How on earth do we get people in the church doors?
Just last Sunday, Hillsong’s senior pastor Brian Houston was preaching at a church in our area. As loyal as I am to our church and pastors, I just couldn’t miss this opportunity to hear him speak ‘in the flesh’, so I went along on my own to hear a world-renowned speaker so close to home.
I’ve actually dealt indirectly with Brian Houston when our company bought the Christian Business Directory off Hillsong Church. Back then it was a Sydney-only directory, and we then added directories in all of Australia’s cities, as well as acquiring the equivalent directories in New Zealand. From what I am told, Brian Houston himself had to sign off the sale, but our team liaised with Hillsong’s General Manager for the sale process.
The church I visited had an auditorium with two big, closed doors, that you had to enter to get inside. I was greeted by two very friendly people prior to this, but as I got towards the doors to enter the theater-style building, I was way too shy to walk through them. The service had started and so if I had walked through them, I felt I would be stared at by prying eyes. So I didn’t.
Just outside of the doors was an overflow area, with a screen showing the stage and speakers in place so the message could be heard. Perfect. The ushers naturally came over to me to advise that there was space on the inside, but I was happy to stay where I was.
To be fair, I am normally at church with my family, and so this was an opportunity to just be on my own. That in itself is a pretty rare occasion for me, so I enjoyed listening to the music and message without any children around me. It was also a bit of a relief to not have to “tell the person next to you you’re so glad to be sitting next to them today”.
However, as I sat there, I honestly started to realize just how intimidating going to church is. I do it every Sunday and I know everyone at my church so it’s easy. But if it was hard for me, a lifelong Christian, to walk through those doors as a stranger, how on earth does the average person ever pluck up the courage?
The truth is they don’t. The perception we as the church have given out, is that those auditorium doors are only to be entered by people who are perfect – or at least close to it. They are the upstanding in the community; the righteous who have their lives all together. So if you’re wanting to go to church but you have a problem in your marriage, an issue with the bottle or drugs, or anything else that resembles a ‘tainted life’, then the church is not for you. We even have our own language, which intimidates anyone that walks through the doors.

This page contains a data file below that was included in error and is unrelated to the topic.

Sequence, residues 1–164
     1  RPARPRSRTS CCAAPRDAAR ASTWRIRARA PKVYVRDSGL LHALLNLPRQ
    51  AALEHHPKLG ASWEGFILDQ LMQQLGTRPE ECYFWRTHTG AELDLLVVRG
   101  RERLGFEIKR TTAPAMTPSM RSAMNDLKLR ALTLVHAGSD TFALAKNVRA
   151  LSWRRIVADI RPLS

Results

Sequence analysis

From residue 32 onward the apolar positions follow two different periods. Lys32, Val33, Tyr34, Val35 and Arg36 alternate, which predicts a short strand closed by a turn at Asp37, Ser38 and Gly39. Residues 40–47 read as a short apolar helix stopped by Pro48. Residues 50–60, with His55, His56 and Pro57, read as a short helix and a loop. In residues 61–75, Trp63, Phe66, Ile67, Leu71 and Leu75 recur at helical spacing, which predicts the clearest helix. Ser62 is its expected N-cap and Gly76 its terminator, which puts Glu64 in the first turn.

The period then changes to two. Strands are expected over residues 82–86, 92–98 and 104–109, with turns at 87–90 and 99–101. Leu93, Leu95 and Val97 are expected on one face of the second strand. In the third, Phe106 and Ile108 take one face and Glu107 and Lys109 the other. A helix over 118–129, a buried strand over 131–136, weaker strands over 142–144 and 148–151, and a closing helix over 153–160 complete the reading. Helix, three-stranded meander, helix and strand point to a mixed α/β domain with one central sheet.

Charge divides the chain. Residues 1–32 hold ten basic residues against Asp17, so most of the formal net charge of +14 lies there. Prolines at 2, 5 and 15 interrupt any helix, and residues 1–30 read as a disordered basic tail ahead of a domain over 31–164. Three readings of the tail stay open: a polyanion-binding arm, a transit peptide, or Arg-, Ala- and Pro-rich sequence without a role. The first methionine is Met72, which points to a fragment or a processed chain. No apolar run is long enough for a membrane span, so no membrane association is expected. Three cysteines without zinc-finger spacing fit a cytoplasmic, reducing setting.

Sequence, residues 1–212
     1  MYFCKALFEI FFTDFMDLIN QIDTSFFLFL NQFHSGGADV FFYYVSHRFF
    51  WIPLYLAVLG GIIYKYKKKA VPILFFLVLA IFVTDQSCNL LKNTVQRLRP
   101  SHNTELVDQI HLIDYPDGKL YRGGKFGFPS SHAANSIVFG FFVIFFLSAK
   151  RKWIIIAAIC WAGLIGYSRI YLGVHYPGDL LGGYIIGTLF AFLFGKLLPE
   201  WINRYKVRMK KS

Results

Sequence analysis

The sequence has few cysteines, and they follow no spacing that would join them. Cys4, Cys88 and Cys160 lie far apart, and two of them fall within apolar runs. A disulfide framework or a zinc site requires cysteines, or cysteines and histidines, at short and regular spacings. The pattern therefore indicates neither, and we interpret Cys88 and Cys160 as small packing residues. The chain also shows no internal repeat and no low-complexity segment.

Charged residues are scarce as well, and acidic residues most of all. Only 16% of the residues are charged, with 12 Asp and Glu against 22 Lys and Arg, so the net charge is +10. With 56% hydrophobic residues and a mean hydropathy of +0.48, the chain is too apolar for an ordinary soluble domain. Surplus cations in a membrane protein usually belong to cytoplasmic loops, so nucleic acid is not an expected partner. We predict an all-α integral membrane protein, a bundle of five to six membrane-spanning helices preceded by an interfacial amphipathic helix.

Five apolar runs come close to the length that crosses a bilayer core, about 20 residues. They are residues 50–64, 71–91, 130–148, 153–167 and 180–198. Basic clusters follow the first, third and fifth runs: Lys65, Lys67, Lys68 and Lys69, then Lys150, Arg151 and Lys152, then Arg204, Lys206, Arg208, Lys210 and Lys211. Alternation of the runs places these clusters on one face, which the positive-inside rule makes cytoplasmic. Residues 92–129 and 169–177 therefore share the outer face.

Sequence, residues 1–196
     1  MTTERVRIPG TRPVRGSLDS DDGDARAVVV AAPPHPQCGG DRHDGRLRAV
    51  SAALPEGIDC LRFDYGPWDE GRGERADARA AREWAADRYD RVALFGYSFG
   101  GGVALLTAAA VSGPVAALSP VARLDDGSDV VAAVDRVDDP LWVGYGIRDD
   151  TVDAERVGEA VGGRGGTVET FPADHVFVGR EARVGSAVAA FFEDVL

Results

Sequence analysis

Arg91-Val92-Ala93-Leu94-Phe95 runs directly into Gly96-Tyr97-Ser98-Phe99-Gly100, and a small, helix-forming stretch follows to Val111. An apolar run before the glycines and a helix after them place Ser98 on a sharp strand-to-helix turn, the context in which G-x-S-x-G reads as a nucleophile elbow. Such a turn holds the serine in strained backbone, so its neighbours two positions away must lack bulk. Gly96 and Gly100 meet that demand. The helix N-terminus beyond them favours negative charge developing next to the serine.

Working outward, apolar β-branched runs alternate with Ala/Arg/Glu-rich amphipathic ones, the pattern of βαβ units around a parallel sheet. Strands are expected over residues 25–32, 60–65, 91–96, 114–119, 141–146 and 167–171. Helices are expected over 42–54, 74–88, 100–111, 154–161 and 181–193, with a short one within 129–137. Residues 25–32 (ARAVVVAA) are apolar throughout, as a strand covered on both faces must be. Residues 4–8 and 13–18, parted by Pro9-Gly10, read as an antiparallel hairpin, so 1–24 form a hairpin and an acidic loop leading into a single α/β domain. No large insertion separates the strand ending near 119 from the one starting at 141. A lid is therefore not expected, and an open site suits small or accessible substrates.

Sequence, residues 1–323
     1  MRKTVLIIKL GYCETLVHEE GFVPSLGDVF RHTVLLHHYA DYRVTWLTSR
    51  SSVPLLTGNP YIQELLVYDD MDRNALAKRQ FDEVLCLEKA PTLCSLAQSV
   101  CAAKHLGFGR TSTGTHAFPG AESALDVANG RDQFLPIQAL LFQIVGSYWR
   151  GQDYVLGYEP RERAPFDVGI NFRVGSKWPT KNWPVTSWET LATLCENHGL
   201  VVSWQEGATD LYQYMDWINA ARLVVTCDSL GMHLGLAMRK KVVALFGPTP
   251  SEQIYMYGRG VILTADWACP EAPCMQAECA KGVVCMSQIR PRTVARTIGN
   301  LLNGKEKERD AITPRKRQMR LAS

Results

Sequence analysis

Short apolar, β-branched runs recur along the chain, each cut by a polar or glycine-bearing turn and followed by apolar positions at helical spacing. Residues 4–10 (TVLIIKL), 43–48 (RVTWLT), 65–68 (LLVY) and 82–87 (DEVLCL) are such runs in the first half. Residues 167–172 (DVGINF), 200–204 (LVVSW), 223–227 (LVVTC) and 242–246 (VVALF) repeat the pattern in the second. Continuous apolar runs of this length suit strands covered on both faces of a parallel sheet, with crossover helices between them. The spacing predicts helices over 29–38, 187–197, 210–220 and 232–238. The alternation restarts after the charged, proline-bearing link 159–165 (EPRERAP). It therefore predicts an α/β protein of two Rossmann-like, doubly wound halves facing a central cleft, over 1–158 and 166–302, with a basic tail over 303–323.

If you don’t call people ‘brother’, or sing out ‘hallelujah’; if you’re not ‘washed in the blood’, then this is no place for you. After last Sunday I clearly see how comfortable church online is for people, all the while realizing it is the connection and community that they are missing.
Of course the reality is that the people inside those doors are not perfect. They too are sinners; broken people who have found God and are a work in progress. But while we as Christians know that, the public don’t, and so they are too scared to bring their brokenness into that building for fear of being judged by the Christians inside.
If I couldn’t bring myself to walk through those doors, how could they? That must be a club in there for God’s elite. And based on this, it is why Christians are labeled as hypocrites outside of the church.
I don’t have all the answers in this blog, but I do know that we have to, some how, some way, make church palatable and inviting for those that feel less than perfect. There are no easy answers, but that is our goal. The reality is that Christians are just as broken and messed up as everyone else; we have just found the One who can help mend us back together and bring us hope.
Matt Danswan is the CEO of Initiate Media, publishers of My Christian Daily. He Also blogs at www.mattdanswan.com. His new book, Not Business As Usual, due for release in March 2018 and published by Ark House, can be pre-ordered now.
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